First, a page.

Ever considered solar panels for your home? As costs decrease and climate awareness increases, more homeowners than ever are opting for sun-powered energy in their own homes.
The Solar Energy Industries Association (SEIA) reports that the total U.S. households to have installed solar panels has surpassed 700,000, and the number is rapidly rising. The first quarter of 2015 broke a record: More than 65,000 solar systems were installed in the first three months of the year.
If you own your home (sorry, renters!), you have more than 100 square feet of unshaded roof space and your roof is in good condition, your home probably can support solar energy panels. Not sure where to get started? Here are some things you’ll want to know about home solar panels.
How Do Solar Panels for Your Home Work?
One of the first questions you may have is: “How do they work?” Solar panels are made up of a few key parts. Of course, there are the solar panels themselves, which are made up of photovoltaic (PV) cells and convert sunlight to energy.
An inverter converts solar power from direct current (DC) to the alternating current (AC), which runs usable energy into a main fuse box that powers your home. The controller acts as a surge protector, protecting the batteries by regulating the electricity.
Finally, you have the batteries themselves, which are crucial for homes in remote locations and not wired to a grid. Keep in mind that they can get expensive.
Benefits of Solar Panels for Your Home
One of the primary benefits of using solar technology is the opportunity for homeowners to help the environment by using a clean energy source. Additionally, homeowners who choose to purchase solar panels usually increase the value of their homes.
Drawbacks of Solar Panels for Your Home
While solar is an excellent option for rural homes paying high energy costs, it might not always be the least-expensive option for homes located near hydro dams and large coal operations. Also, installing solar panels will likely increase your homeowner’s insurance premium by a few dollars per month.
Solar Panels Are Expensive
The higher output and lower production cost of solar panels, tax incentives and a variety of ownership options have significantly lowered costs. A growth in popularity and time on the market means contractors have become better at installing them, and installation time has gone from days to mere hours, another major cut in costs.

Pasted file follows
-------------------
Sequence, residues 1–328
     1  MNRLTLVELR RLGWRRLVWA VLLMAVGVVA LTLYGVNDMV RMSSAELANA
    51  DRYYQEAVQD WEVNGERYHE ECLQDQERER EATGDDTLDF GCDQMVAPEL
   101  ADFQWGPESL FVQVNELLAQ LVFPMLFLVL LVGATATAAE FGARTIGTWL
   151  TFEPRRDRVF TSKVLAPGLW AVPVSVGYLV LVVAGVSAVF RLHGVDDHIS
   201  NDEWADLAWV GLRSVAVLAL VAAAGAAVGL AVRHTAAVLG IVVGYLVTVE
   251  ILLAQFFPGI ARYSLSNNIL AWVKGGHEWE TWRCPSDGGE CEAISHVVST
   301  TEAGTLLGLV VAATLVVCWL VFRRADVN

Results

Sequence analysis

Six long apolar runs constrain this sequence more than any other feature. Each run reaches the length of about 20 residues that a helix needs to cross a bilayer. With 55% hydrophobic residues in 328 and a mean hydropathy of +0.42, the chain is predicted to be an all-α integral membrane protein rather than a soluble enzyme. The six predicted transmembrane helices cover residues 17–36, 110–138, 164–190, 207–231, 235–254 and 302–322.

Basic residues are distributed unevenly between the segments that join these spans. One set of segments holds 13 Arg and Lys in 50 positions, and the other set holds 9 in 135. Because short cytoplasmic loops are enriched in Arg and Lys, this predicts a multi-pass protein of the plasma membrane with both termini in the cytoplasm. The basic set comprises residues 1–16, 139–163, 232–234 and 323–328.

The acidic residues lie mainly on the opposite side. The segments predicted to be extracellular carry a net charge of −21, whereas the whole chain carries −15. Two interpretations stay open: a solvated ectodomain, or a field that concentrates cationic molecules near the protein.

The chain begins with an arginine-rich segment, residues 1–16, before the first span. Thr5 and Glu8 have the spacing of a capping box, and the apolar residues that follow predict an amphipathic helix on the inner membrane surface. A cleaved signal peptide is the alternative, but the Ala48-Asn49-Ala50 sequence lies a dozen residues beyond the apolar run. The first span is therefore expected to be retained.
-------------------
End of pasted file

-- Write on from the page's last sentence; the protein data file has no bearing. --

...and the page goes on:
They Require a Lot of Sun
While there’s no disputing that a solar panel in Texas will generate more energy than one in Minnesota, all regions in the U.S. can benefit from solar. The panels actually increase efficiency in cooler temperatures and can withstand snow and winter conditions (though you’ll need to clear them off).
It’s All or Nothing
Many homeowners believe that going solar means they would completely rely on their panels. In fact, residential solar systems are tied to the power grid — and benefit from it. If your utility company uses net-metering, whatever energy your home doesn’t use is immediately sent back into the grid, and you are later credited for that energy when you need to tap into the grid. This may lead to you producing surplus energy in the longer days of the summer months, and purchasing some energy come winter.
How Much Do Solar Panels Cost?
The price of installing solar panels on your home is highly variable, but first depends on the size of the system you’ll need. For get a quick estimate, multiply the the kilowatts of energy you use per day by 0.25, which indicates the size of system you’ll need. The cost is also dependent on whether you choose to buy, lease or use a Power Purchase Agreement (PPA).
Purchasing your solar panels is certainly the highest initial investment, but also provides the highest ROI and tax credits. The federal solar Investment Tax Credit (ITC) is equal to 30 percent of the system’s cost, so if a system cost $20,000, the homeowner would receive $6,000 credited to his or her federal tax bill. But act quickly; this tax credit expires at the end of 2016.
Leasing solar panels means no high upfront cost; it is spread out over monthly payments. Because the leasing company owns the solar panels, it benefits from the ITC instead of the homeowner. However, the elimination of high initial investment has made solar available to many more homeowners in the past several years.
A Power Purchase Agreement means that, much like your typical electricity bill, the third-party company is the owner of the system and the homeowner pays only for the electricity that is generated. This setup is also seeing increased popularity.